Monroe 2 Orleans BOCES News Article

Everyone wins with the TIF Program

New Teacher Immersion fellows from different area colleges sitting at a table.

Educational institutions in our region and those preparing to enter the field of teaching face many challenges:

- Regional public schools have been realizing a significant shortage of substitute teachers, and budgets to pay for them are increasingly tight. 

- Local colleges are tasked with preparing the next generation of teachers and want to provide more experiential opportunities for their students. 

- New teachers-in-training, both at graduate and undergraduate levels, want a broader and deeper view of their field. They wish to learn from the best, most experienced teachers. They want to network and make contacts that will help them throughout their career. 

Monroe 2-Orleans BOCES Teacher Immersion Fellow (TIF) Program solves all of those issues, and more. It is a proven win-win for all its partners, and unsurprisingly, it is growing in both participation and popularity. In 2018-19, the TIF Program has six regional college partners, 19 participating local school districts, and 93 student fellows. Not bad for an initiative that began in 2016 with one college, one district and seven student educators.

BOCES 2 TIF Program Coordinator Kara Reidy-Vedder acts as the liaison among all the partners and provides marketing, recruitment and coordination services.  She works with BOCES Office of Curriculum, Instruction and Professional Development to ensure participants take part in required professional development workshops. She also meets with all participants regularly to monitor and evaluate their experiences.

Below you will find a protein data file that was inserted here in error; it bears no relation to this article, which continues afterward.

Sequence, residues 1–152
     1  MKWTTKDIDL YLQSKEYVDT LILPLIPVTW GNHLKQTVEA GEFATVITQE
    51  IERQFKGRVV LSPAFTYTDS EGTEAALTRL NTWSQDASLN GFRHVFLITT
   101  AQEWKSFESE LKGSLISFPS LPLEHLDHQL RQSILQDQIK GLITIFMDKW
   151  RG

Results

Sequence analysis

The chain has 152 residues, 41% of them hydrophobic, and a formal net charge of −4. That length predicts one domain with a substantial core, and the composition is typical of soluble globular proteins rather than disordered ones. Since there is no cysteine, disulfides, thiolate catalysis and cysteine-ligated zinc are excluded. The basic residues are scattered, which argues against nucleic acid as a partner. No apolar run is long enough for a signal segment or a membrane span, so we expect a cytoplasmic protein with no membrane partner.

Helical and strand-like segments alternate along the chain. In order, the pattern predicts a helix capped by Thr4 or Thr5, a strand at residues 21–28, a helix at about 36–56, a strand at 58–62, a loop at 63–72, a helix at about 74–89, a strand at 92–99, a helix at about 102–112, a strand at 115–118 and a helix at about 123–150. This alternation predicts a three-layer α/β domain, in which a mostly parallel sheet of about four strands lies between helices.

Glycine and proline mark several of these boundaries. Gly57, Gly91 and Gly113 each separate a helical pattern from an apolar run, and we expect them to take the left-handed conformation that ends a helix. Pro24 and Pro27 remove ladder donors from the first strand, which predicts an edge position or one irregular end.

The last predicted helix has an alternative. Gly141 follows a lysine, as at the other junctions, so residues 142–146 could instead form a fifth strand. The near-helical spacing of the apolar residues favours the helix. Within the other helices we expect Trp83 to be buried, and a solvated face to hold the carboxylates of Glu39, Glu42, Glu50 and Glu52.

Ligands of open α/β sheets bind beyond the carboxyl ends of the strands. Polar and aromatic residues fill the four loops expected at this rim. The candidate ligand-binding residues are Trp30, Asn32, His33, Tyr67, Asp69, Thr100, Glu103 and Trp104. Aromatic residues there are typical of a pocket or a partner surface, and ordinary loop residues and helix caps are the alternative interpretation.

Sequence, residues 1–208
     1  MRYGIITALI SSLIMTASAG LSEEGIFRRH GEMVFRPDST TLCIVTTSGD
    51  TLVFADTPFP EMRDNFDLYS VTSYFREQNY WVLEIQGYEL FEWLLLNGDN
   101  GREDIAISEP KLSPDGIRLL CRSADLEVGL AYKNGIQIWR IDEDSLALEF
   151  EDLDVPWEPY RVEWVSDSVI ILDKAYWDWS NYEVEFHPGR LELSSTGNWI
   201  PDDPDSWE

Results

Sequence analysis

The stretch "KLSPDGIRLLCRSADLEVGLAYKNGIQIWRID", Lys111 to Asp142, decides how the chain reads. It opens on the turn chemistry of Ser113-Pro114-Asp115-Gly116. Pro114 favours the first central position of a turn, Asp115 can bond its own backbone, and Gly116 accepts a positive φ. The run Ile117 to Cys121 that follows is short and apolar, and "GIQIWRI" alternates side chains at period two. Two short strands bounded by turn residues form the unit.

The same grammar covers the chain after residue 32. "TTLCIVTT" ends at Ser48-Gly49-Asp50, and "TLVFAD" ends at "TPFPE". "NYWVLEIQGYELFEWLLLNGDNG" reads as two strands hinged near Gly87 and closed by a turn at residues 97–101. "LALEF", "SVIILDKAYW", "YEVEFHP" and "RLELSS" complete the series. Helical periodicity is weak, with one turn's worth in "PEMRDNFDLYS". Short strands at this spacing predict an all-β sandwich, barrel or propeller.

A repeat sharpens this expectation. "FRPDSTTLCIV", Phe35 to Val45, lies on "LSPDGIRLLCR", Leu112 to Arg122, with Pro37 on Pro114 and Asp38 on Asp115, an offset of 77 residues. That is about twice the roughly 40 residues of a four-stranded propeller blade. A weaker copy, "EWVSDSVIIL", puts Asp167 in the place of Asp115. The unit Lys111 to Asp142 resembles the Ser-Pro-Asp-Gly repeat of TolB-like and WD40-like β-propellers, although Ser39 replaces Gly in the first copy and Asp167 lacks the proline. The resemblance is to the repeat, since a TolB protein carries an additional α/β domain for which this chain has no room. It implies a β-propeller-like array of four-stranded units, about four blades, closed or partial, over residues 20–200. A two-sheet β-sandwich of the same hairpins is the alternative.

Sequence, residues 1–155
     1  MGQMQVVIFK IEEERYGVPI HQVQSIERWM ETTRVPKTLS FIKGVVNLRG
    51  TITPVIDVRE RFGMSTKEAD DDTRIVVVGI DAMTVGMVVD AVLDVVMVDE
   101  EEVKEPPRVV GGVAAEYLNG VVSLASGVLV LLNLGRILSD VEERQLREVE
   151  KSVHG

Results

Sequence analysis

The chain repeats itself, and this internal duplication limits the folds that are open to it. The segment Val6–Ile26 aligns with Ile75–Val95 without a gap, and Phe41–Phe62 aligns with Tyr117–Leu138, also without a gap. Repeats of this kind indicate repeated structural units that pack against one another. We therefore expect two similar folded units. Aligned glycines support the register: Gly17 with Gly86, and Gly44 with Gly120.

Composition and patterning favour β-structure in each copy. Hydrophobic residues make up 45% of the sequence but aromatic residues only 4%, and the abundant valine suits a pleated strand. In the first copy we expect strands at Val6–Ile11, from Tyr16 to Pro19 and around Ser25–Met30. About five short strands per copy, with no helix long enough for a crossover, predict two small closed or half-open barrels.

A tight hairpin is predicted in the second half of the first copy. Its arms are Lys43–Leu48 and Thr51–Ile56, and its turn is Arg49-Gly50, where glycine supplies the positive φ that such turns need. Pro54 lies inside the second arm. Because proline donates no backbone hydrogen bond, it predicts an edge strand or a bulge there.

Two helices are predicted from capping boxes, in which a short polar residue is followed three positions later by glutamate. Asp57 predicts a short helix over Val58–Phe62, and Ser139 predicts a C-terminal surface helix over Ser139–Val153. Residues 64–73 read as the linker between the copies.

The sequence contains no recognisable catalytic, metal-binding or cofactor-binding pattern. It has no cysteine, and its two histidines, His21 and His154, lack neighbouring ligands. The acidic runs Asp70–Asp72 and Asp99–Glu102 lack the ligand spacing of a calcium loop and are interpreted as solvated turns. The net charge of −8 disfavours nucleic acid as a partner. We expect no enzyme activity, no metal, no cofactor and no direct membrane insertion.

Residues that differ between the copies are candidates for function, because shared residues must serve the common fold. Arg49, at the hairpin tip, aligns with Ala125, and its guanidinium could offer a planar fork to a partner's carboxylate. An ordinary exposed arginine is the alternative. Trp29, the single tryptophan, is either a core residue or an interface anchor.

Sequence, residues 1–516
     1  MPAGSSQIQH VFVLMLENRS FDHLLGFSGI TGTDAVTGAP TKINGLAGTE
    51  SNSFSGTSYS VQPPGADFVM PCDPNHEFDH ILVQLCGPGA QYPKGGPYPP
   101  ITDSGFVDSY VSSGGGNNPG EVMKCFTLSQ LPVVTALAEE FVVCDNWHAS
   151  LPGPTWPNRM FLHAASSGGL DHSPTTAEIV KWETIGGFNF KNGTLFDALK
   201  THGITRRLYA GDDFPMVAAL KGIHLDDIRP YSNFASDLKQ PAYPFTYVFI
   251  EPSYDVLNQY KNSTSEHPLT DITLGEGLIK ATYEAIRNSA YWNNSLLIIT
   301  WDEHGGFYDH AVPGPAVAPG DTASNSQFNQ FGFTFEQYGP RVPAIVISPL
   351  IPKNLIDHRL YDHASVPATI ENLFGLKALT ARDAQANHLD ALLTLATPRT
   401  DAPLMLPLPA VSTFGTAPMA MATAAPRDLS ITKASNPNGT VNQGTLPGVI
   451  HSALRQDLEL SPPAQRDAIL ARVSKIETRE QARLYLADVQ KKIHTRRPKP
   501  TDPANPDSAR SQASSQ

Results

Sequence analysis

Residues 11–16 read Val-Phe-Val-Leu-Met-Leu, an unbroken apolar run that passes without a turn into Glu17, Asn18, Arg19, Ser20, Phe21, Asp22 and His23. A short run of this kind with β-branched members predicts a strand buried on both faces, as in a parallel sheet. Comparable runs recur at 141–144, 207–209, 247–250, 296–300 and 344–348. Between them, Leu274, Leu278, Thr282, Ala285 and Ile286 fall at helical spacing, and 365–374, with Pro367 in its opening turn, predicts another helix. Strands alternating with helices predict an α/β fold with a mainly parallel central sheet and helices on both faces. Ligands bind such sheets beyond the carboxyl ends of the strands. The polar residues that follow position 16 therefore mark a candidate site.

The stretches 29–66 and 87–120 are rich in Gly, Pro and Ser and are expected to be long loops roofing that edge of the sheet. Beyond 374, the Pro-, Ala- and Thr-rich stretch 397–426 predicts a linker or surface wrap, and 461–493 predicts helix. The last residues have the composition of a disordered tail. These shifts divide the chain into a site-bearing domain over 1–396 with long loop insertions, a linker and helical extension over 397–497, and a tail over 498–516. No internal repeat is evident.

“Teacher Immersion fellows are paid a flat daily fee through their sponsoring district,” she said, “which in turn is aid-able through New York State and BOCES, resulting in substantial cost savings over traditional methods of hiring substitutes. The districts benefit from having the dependable substitute workforce the TIF Program provides, plus the flexibility of qualified educators who can help out wherever needed. It’s also a great way for school districts to vet candidates for future hiring.”

For student fellows, the experience is particularly beneficial. In addition to being paid for their work, they have the unique chance to embed themselves in district culture, run a variety of classrooms, teach different subjects and grade levels, learn from professionals, and get work experience in a functioning school environment. There’s an additional perk for fellows who wish to work over the summer — an opportunity to work in the BOCES 2 Extended School Year Program. For more information, visit


Feature photo: Kara Reidy-Vedder (center) speaks with several Teacher Immersion fellows at the spring orientation session.

This page:  New Teacher Immersion fellows from different area colleges meet each other, network and share experiences at orientation and other supportive professional development activities.

Print This Article
View text-based website